David Boddy wants to see British universities doing more to demonstrate the value of UK education
We all have a past. Before I got into the business of international student recruitment for UK universities and top boarding schools, mine included running one of Europe’s leading lobbying companies and working as political press secretary to Margaret Thatcher. Some would say, quite good training for helping to meet the wider challenges our higher education sector now faces.
The Cabinet has tucked away its sun-cream and is now getting down to the business of sorting out Brexit. Those of us who think it is a disaster have to throw away our sour grapes and get down to making the most of what the democratic process has given us. Since June, I have been surprised at the lack of coherent response from our universities and top boarding schools sectors.
If they had come to me during my lobbying days I would have asked them:
To lobby means consistently to work ‘alongside’ Government – not directly in opposition - to help shape, bend, amend and ultimately deliver policies which are both acceptable to them, and to your own interests. It is financially quite costly to undertake such lobbying – and very time consuming. But it is worth it.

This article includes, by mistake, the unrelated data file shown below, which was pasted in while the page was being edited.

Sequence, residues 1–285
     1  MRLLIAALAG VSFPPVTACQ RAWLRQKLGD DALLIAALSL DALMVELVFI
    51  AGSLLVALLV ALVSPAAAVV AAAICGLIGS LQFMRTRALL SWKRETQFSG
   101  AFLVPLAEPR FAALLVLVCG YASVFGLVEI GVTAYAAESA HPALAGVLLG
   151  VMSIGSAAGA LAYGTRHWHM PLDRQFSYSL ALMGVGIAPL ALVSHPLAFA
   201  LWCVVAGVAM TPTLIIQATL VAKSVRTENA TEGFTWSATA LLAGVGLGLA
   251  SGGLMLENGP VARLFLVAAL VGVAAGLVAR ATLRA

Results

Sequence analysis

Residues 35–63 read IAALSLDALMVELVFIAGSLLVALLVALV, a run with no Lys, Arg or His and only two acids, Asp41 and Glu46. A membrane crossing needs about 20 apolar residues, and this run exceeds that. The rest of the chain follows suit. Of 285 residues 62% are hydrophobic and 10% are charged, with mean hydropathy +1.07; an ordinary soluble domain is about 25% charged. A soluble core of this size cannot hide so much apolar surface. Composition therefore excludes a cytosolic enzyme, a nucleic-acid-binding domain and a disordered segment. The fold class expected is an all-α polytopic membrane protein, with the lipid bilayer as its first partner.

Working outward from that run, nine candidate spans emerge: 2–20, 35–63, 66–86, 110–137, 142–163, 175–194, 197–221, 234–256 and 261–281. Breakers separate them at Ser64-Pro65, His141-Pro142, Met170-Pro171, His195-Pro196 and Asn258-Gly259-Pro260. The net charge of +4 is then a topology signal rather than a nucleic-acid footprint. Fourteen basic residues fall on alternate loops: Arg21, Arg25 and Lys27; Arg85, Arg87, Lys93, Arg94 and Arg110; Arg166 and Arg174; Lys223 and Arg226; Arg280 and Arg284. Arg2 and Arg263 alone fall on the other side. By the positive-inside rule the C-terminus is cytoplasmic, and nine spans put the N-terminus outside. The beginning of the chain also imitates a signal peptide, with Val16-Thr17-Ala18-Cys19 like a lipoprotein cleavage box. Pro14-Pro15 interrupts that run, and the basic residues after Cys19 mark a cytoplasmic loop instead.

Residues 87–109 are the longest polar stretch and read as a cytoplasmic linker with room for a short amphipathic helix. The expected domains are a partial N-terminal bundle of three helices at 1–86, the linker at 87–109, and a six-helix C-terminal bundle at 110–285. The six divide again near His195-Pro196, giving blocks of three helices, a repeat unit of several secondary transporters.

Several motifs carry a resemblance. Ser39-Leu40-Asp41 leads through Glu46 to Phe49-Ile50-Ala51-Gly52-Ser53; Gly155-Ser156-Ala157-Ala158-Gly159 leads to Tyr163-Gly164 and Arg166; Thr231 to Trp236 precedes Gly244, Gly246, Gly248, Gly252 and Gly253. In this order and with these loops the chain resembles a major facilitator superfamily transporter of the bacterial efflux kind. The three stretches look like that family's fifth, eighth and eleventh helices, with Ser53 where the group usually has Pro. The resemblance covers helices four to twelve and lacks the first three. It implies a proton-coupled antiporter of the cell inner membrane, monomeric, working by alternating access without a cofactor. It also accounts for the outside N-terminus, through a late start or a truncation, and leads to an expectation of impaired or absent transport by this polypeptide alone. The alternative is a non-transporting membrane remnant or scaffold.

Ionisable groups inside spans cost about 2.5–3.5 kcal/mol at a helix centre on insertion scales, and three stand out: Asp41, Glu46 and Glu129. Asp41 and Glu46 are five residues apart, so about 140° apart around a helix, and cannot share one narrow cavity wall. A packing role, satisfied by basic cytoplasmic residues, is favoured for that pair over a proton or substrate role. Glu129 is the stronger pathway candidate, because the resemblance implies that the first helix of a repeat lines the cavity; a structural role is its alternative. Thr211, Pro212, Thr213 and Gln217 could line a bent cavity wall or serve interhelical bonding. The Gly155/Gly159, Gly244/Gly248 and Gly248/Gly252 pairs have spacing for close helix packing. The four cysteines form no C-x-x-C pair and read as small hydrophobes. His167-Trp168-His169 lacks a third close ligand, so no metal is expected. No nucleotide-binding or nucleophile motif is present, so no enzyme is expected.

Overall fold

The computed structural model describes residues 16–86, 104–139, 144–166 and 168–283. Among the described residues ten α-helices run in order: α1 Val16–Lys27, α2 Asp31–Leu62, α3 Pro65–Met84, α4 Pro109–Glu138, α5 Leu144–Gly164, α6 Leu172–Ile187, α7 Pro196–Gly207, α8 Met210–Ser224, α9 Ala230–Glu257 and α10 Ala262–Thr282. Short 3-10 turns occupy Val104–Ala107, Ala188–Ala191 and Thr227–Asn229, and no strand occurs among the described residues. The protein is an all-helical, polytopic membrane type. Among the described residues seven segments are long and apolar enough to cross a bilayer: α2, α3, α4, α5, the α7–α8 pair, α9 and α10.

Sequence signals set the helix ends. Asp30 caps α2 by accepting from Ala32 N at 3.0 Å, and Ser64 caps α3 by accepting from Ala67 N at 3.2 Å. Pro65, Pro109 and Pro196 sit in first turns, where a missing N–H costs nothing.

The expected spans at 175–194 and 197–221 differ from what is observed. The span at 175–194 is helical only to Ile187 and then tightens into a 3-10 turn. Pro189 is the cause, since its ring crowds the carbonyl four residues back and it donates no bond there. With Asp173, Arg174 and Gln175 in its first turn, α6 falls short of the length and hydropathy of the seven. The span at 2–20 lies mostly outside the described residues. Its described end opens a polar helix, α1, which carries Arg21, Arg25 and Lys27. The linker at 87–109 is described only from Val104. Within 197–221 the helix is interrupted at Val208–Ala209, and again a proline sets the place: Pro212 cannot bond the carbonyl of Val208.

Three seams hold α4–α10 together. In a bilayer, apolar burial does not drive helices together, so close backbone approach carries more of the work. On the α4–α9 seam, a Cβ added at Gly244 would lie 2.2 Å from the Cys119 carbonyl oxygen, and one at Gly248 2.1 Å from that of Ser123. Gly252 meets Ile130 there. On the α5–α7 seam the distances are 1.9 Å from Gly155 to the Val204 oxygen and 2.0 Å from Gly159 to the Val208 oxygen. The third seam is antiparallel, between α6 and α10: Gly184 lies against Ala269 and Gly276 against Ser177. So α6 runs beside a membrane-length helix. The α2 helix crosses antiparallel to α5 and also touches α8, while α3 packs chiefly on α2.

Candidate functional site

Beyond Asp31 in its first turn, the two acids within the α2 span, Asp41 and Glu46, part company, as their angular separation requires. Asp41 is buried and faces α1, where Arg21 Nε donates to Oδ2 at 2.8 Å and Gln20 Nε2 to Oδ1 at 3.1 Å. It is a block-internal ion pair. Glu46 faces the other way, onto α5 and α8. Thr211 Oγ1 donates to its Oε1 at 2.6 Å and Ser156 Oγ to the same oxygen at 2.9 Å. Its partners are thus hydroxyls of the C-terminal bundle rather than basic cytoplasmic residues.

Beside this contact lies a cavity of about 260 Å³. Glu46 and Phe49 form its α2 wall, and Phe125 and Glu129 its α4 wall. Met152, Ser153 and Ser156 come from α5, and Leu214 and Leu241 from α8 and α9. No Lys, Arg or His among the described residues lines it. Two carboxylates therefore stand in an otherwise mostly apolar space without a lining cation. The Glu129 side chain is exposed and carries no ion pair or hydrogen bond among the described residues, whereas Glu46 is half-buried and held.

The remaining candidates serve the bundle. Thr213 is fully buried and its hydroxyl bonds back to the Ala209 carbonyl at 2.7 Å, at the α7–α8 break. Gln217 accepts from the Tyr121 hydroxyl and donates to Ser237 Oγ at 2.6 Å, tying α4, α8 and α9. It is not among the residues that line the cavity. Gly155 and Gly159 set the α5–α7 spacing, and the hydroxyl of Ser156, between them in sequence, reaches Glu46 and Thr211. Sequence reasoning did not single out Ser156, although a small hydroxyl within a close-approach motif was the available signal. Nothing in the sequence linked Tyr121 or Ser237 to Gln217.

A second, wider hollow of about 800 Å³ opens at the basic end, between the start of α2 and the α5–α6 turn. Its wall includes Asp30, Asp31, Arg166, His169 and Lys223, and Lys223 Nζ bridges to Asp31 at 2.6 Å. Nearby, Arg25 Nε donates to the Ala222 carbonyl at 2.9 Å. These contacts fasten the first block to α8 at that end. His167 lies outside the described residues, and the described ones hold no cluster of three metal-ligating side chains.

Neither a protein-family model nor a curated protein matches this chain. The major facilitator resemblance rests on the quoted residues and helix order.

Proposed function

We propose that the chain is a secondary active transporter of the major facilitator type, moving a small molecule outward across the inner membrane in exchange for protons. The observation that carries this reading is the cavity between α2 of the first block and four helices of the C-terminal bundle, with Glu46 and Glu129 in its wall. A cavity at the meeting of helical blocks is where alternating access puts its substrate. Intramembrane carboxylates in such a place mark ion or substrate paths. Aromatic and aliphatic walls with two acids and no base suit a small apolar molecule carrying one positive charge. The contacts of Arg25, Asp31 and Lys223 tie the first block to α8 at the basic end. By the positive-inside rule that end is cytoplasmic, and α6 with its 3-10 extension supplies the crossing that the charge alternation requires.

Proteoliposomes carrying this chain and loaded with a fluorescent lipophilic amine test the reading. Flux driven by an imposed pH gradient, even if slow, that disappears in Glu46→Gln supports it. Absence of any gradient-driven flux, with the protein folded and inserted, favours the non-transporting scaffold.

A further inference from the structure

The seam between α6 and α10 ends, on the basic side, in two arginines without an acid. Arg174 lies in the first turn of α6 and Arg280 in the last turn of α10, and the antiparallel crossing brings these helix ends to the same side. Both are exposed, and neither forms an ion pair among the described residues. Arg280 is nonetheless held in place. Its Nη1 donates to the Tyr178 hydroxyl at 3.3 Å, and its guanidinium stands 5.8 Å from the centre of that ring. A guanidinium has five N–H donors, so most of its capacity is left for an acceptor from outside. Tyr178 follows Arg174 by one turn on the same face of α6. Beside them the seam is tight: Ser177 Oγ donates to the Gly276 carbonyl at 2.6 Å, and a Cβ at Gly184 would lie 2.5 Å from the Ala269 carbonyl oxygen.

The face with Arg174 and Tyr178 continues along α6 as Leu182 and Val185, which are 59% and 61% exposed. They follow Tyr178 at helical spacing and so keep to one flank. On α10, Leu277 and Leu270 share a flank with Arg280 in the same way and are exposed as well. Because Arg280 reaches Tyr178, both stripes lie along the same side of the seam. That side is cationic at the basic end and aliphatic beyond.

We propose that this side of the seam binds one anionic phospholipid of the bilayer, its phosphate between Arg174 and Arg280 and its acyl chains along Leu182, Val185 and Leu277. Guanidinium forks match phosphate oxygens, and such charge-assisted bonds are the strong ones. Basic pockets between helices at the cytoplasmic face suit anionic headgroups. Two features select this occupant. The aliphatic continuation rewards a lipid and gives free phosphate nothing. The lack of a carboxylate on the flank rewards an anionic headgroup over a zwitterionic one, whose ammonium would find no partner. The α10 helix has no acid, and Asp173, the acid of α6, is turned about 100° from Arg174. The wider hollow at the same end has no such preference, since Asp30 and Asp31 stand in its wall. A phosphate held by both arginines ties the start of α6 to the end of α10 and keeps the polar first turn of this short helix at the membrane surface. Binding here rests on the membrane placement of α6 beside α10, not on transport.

In my experience, the best lobbying takes place when companies and institutions who compete on a daily basis put their suspicions aside and work together for something much greater than themselves. Whichever part of the UK education sector we work in, we are all going to be the poorer if European and international students do not feel welcome here.
The Brexiteers want Britain to be open to the world. But you can’t be open if you keep out of the country the best minds and the most brilliant talent the world has got to offer. We must become, in post-Brexit Britain – a powerful magnet for these students.
We have got so much ammunition to use in this imminent battle – much more than just the impact of Brexit on our research budgets and projects. I so hope we start deploying it. And soon.